Let me summarize my points so far. Extreme and persistent shame, beyond the healthy internal alert we get when we become aware of having done something we believe is wrong, can have devastating consequences to the health of an individual or a community. My own experience with shame provokes two irrational thoughts to enter my mind: One, almost no one would ever bother reading this anyway, and two, that’s actually probably a good thing anyway. Then I compare my own work with the piece on bullying, how both make value neutral claims of fact, and how the facts can be easily accepted as true, but evidence of two mutually exclusive positions.
Now I want to combine these points to advance my larger exploration of shame and its impact on individuals and communities, with special respect to the very real people in our very impassioned, and divided communities. When people, with the same understanding of the same information, can derive completely opposed conclusions, then at least one of those chains of reasoning has a serious flaw. It should be even more obvious when the conclusions, compared to the facts, are grossly simplistic. “They are bad guys, we are good guys” isn’t exactly a brilliant thesis, and the complexity of emerging social science regarding aggression and group identity isn’t something we can pithily reduce to pat diagnoses of opponents in online pissing matches.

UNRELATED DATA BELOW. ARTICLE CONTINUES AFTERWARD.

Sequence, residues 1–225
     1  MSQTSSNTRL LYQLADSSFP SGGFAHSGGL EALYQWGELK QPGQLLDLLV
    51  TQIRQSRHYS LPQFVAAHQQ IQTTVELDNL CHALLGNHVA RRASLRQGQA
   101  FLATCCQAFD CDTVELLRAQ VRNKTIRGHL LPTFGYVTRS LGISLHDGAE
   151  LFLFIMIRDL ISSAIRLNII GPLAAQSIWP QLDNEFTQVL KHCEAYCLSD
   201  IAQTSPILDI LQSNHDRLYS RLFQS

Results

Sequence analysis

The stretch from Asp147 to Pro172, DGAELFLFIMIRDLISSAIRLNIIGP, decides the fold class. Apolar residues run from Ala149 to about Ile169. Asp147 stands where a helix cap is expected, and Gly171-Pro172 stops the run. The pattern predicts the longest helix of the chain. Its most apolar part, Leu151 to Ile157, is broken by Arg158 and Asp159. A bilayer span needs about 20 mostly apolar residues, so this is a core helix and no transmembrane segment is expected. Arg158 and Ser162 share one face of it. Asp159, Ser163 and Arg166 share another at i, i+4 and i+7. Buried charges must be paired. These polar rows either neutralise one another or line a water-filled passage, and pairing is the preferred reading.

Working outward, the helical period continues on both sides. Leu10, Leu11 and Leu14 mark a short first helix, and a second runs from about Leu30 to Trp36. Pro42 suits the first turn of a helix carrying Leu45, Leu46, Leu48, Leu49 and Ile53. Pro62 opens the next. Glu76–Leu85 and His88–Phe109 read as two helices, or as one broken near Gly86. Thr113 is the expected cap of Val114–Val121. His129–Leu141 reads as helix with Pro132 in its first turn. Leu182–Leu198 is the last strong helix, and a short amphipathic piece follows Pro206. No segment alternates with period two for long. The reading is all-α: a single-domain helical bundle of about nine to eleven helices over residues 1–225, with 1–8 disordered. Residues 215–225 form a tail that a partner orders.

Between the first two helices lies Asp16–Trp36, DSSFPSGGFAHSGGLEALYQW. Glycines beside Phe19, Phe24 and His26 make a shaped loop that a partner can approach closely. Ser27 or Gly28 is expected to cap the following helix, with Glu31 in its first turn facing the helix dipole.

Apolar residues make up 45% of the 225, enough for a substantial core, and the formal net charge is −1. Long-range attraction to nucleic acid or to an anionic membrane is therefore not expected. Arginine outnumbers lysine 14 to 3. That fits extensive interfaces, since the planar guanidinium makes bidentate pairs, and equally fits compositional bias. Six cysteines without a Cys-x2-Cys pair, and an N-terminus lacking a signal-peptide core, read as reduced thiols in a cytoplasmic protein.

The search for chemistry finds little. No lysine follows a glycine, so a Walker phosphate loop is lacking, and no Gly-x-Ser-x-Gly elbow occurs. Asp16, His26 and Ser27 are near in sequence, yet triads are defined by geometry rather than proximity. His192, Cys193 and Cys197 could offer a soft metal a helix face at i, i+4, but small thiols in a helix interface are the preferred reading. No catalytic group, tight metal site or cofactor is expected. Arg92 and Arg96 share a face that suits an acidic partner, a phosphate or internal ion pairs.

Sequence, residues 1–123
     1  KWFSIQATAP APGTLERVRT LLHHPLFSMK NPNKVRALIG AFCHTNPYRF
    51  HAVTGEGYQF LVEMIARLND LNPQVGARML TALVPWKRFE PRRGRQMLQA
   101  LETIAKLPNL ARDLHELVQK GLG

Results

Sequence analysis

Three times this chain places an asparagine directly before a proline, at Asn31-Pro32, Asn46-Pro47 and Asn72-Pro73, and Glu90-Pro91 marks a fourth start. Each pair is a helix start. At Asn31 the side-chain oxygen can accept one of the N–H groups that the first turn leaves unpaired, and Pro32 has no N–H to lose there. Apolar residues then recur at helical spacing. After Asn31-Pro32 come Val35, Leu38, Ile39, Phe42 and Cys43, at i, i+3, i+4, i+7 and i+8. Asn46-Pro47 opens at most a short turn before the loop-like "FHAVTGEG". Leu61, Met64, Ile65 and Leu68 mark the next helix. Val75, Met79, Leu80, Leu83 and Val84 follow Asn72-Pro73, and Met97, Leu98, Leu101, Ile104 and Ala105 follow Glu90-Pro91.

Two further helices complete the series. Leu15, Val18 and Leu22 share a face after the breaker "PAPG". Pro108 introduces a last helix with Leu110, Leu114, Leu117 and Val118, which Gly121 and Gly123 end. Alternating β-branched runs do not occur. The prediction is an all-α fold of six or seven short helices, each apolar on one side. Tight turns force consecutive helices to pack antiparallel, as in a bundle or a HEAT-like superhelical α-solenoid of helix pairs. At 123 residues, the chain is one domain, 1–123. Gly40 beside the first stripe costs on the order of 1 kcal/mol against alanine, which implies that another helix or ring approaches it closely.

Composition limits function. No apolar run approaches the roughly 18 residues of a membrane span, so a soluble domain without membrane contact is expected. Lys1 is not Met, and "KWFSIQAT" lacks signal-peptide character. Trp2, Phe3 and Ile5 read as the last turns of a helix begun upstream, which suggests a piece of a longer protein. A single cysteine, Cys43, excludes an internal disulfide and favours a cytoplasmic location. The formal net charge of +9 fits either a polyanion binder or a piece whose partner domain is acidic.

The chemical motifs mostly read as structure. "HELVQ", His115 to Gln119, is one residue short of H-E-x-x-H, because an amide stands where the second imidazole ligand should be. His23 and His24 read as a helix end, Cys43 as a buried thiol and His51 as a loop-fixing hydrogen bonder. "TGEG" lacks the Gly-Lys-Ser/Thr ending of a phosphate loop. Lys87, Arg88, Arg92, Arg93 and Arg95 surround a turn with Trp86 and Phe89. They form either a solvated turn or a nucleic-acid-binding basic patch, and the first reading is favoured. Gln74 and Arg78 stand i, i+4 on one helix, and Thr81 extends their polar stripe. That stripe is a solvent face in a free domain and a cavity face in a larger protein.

Maybe that sounds like I’m building a case for an argument as old as our movement itself, “What matters is that I found a way to feel superior to everyone”, but I’m not. I know what posting here means, and I associate proudly with these people and our values, and refuse to be associated with those who do not at least acknowledge why those values matter, or who act maliciously against us.
When I talked earlier about having a queer sense of relief, maybe almost no one will see this anyway, and I raised the specter of recent controversies, it would make a lot of sense that people would think I was talking about fear of reprisal, especially if I was going to have a good “pox on both your houses” wank fest. It’s just the opposite though; one reason I felt that strange relief was because a poisoned part of me believes I’ve nothing worthwhile to contribute, and I’ll only make us all look terrible if this is broadly read.